Yet another Keynesian fool tries to explain how good the results of the Fed are and how printing money simply creates wealth... If that were true, they should just print $1 trillion and hand it to each US citizen. This would put an end the Greater Depression.
May 24 (Bloomberg) -- Federal Reserve Board Vice Chairman Donald Kohn said the U.S. economy may get a $1 trillion boost in coming years from the central bank’s purchases of government and mortgage debt, along with $175 billion in extra tax revenue.
[...] “The preliminary evidence suggests that our program so far has worked,” Kohn, 66, said yesterday in a speech during a panel discussion at a conference on monetary and fiscal policy at Princeton University in New Jersey. He cited reductions in longer-term interest rates.
[My comment: What is the success criteria used?]
The Fed is in the process of buying $300 billion of long- term Treasuries through September, as authorized at the March meeting of the Federal Open Market Committee. Policy makers also at the time more than doubled planned purchases of mortgage- backed securities to $1.25 trillion this year and boosted federal agency debt purchases to $200 billion from $100 billion.[...]
Purchases may increase nominal gross domestic product as much as $1 trillion “over the next several years,” Kohn said in a footnote to his remarks.
Other Fed interventions to aid bond dealers, mutual funds and credit markets also “have been successful in supporting economic growth” by lowering rates and “preventing fire sales of assets,” Kohn said.
[My comment: Most assets are still sold for far less a value than just a year ago, the remaining part of the assets are not sold anymore to avoid the fire sales prices, and are now called illiquid assets and toxic assets. Again, what success criteria is Kohn using?]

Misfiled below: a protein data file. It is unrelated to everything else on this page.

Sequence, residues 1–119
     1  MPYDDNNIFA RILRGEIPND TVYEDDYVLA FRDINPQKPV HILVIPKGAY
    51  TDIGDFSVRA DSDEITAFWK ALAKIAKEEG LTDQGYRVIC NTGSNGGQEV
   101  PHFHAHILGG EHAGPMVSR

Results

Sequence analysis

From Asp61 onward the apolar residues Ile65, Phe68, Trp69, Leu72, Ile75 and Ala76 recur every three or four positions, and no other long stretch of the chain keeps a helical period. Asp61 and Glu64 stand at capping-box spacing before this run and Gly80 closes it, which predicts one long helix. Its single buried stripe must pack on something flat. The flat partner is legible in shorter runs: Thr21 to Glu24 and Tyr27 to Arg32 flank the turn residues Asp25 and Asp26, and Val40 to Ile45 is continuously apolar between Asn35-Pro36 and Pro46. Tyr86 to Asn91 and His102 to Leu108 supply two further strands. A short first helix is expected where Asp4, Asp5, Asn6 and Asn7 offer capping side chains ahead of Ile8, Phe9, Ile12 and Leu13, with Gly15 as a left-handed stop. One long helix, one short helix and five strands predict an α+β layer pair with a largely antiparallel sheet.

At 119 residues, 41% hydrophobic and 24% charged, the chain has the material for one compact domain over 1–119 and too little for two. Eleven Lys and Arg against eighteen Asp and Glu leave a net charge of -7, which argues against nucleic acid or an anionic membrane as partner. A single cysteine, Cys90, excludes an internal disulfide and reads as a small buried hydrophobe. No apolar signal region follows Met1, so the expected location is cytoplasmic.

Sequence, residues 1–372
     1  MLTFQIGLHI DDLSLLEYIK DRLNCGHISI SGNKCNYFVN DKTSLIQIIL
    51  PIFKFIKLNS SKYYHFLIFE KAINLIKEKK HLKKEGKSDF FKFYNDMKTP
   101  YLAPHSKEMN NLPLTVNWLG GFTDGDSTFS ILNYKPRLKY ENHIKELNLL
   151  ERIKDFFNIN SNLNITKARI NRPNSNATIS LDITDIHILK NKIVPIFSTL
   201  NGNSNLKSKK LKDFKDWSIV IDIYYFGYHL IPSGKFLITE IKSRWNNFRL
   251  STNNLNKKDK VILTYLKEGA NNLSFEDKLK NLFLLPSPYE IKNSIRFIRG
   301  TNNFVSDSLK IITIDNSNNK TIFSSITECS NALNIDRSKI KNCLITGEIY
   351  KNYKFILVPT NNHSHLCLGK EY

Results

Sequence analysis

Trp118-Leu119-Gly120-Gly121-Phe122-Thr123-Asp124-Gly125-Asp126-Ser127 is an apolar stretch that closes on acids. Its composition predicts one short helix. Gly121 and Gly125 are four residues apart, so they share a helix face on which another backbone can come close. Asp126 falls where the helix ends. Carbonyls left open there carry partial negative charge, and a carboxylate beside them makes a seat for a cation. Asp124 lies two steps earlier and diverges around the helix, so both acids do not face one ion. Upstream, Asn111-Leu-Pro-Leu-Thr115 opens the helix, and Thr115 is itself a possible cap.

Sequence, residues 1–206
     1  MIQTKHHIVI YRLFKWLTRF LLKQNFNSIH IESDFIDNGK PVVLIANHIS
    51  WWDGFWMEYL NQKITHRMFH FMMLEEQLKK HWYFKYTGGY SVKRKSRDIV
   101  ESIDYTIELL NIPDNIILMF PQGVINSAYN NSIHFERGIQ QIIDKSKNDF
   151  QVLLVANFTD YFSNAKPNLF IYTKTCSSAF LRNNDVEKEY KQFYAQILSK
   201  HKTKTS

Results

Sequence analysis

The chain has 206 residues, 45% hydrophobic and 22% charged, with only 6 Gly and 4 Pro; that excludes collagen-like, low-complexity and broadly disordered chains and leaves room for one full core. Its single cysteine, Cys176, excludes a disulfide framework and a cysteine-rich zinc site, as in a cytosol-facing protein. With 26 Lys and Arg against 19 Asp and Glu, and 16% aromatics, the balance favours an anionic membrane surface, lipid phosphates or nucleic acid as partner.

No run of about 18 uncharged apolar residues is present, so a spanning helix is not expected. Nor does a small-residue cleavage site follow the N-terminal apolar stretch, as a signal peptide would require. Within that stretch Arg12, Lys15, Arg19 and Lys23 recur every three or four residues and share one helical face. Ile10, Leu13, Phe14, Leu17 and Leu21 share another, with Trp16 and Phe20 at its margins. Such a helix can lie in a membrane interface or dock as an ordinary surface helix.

Kohn, in his speech, said he’s “very much looking forward to” having the central bank “return to more normal modes of operation” as the economy rebounds.
[My comment: When? Is he seeing the economy rebound? Or just the markets?]
While the purchases expose the Fed and taxpayers to potential losses, Kohn said several considerations make such an outcome unlikely. The Fed won’t need to sell some of the Treasury and agency debt because it will mature, and the central bank can fund the purchases at low cost. Also, the purchases boost the economy and tax receipts, he said.
[My comment: How? Why? The only reason can be that the GDP deflator used to calculate the GDP is deeply biased and undervalues the real rate of inflation]
Still, Kohn said “any calculation of the effect of our asset purchases on the economy is highly uncertain.”
[My comment: So why do them? Is there any chance the impact might be a deeper whole?]
Alan Blinder, a former Fed vice chairman who is a Princeton economics professor, said Kohn’s estimate of the effect on GDP from the mortgage-bond purchases is “believable.”
[My comment: Princeton professors are not better than Harvard ones, if you remember Mankiw's foolish remarks]
Kohn said closer cooperation between the Fed and “fiscal authorities” is an “inevitable aspect of effective policy initiatives to meet our macroeconomic objectives in the current financial and economic crises.” He reiterated that the central bank is working with the Obama administration to seek additional powers for the Fed to tighten credit.
[My comment: So much for the independence of the Fed. The Fed is failing at every level you look...]
Plosser, by contrast, said in a May 21 speech that “when a nation’s treasury or finance ministry and its central bank work too closely together, there is a clear risk that the government’s spending will end up being financed by the central bank’s power to create money and that the public will become confused as to their respective roles.”
[My comment: true]
“History shows us that you can get very bad economic outcomes with rapidly rising inflation,” said Plosser, 60, the Philadelphia Fed’s president since 2006.
[My comment: true]